Jane Morris: More than a Pre-Raphaelite Star

"Proserpine" by Dante Gabriel Rossetti, 1874. Credit: Public Domain

Do you recognise this woman? She appears in so many of the paintings of the Pre-Raphaelite painters, especially those done by Gabriel Rossetti as featured here. Her beauty is famous. But who was she? The post a couple of days ago probably gives it away, but read on........

Jane Morris (née Jane Burden, 1839-1914) was an English artists' model who embodied the Pre-Raphaelite ideal of beauty. She was a model and muse to William Morris (1834–1896) and eventually married him. In fact she modeled for the only known painting done by Morris - La Belle Iseult, below.

"La Belle Iseult" by William Morris. Credit: Tate Gallery, London

Jane Burden was born in Oxford, England on 19th October 1839. Her father was a stableman, and her mother a domestic servant, and so Jane didn't have much of an education herself. But when she was 18 years old, she was spotted at the theatre in Oxford with her sister by Dante Gabriel Rossetti and Edward Burne-Jones who were struck by her beauty and similarity to the Pre-Raphaelite beauties of the past. They asked her to model for them, and from then on her future was assured. You can see in the photo and paintings below just how well she fitted the prevailing trend.

A photo of Jane Morris, 1865. Credit: Robert John Parsons/Public Domain, via Wikipedia

Burne-Jones and Rossetti were friends and collaborators of William Morris, (who we learnt about in the post on William Morris) so of course Jane became a model for William and other artists as well.

Whilst Jane was the muse of both Morris and Rossetti, it was Morris who fell in love with her and they became engaged, even though Jane admitted she was not in love with Morris herself. But Jane obviously recognised her chance to better herself, and, despite her humble beginnings, set about "re-inventing herself" in a remarkable way.

She must have been very intelligent, despite her limited education. She studied, and became proficient in, French and Italian. She became an accomplished pianist in classical music. She learnt the manners and refined speech of the upper-class and learnt to be comfortable in that society. She was the model for the heroine of the 1884 novel Miss Brown by Vernon Lee and may also have influenced George Bernard Shaw in creating the character of Eliza Doolittle in his play Pygmalion (1914) and the later film, My Fair Lady (1964).1

She also became a skilled, self taught, needlewoman in ancient embroidery techniques, and later became renowned for her own embroideries, though they were produced by her husband's company, Morris and Co.

Here are some examples of Jane's work:

Jane and her sister Bessie passed on their embroidery skills to Jane’s daughter, May, who was encouraged to develop her own designs. We are going to learn more about May Morris in a couple of days.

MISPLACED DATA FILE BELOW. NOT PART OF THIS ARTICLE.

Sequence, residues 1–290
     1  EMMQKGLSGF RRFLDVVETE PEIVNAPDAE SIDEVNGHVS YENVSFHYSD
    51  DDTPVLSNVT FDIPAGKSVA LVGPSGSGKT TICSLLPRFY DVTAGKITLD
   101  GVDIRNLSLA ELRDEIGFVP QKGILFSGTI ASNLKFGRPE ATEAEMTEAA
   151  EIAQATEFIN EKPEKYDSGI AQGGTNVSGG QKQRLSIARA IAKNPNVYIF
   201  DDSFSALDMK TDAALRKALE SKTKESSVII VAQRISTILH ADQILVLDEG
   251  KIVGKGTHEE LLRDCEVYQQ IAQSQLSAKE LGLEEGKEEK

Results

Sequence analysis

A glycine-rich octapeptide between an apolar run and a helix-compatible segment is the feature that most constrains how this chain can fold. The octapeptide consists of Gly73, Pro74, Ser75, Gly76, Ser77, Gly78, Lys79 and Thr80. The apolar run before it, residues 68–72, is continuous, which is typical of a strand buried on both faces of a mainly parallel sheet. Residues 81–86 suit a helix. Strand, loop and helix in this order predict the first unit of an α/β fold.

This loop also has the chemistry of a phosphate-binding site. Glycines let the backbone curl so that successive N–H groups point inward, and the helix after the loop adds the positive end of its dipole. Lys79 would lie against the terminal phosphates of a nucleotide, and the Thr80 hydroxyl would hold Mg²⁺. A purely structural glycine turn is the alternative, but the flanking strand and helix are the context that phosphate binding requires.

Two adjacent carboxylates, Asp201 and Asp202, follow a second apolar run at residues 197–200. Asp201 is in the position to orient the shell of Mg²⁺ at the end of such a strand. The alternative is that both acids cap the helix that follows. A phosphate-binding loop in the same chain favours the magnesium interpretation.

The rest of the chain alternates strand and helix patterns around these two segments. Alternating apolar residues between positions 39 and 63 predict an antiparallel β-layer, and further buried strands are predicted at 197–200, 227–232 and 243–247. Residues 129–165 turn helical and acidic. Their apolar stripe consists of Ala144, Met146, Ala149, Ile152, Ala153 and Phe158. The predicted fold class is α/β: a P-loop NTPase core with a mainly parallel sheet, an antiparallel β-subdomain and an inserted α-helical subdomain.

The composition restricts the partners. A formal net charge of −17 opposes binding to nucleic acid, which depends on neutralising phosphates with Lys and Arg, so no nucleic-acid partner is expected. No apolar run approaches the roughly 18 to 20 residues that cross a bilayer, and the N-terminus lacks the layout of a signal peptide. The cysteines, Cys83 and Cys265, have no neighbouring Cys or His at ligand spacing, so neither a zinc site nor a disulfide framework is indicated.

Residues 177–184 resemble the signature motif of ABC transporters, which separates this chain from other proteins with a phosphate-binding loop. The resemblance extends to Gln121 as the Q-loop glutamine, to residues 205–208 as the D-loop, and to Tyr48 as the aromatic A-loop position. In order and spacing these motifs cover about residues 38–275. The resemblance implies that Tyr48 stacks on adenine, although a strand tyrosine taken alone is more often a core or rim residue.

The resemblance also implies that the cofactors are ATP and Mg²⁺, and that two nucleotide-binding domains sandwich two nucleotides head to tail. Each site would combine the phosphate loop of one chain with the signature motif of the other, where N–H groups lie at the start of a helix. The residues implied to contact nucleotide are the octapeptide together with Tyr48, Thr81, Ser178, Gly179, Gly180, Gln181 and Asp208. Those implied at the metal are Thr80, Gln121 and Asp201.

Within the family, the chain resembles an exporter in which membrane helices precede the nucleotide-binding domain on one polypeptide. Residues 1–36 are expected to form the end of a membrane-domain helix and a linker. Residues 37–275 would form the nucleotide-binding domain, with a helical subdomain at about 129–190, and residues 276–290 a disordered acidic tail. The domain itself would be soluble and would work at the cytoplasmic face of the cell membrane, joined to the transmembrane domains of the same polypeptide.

It is interesting to note that, even though Jane, her sister Bessie, and later, her two daughters Jenny and May, all supervised and embroidered for Morris & Co., credit for all their designs was generally given to William Morris himself "in the interests of commercial success".

It seems incredible now, but those were the times they lived in.......

After William and Jane were married in 1859, they moved into the Red House, which we learnt about in a recent post. While living there, they had two daughters, Jane Alice "Jenny", born 17 January 1861, and Mary "May" born 25 March 1862, who later edited her father's works. They moved to 26 Queen Square in London, which they shared with the design firm of Morris, Marshall, Faulkner & Co, and later bought Kelmscott House in Hammersmith, London as their main residence.

In 1871 William Morris and Gabriel Rossetti took a co-lease on Kelmscott Manor, in the Cotswolds. William lived there till his death in 1896, calling it “heaven on earth.” Jane continued to live there after William died, but significantly, she actually bought it in 1914, just a few months before her own death, in order to secure the future for her two daughters.

Kelmscott Manor is now owned by the Society of Antiquaries and is open to visitors to experience it and see why it was so loved by the Morris family.

So it seems Jane ended up living a very good life, far better than her lowly beginnings would have indicated. Although the men in her life gained a great deal from her beauty, especially Rossetti who invented a whole new way of perceiving women, Jane was also capable of exploitation herself. Jane and Rosetti had a romantic liaison from the late 1860s up until Rossetti's death in 1882. Somehow she managed to get her husband, William Morris to agree to have Gabriel Rossetti live with them for at least some of that time!

We want to introduce you to a Dutch artist - Margje Bijl who has made it her mission to change the image the world has of Jane Morris - the personification of Gabriel Rossetti’s ideal image of a woman. Margje Bijl states on her website:

"As a contemporary female artist my viewpoint differs from Rossetti’s. It is my underlying intention to free Jane Morris of the myth that has been created around her. I have created a role for myself, based on Jane Morris’ history to complement and modernise her persona". If you are interested, you might like to follow through by clicking here.

Jane Morris died on 26 January 1914, while staying at 5 Brock Street in Bath. She is buried in the churchyard of St. George's Church in Kelmscott, with her husband. (Her daughters Jenny and May are also buried there too.)


  1. With thanks to Wikipedia.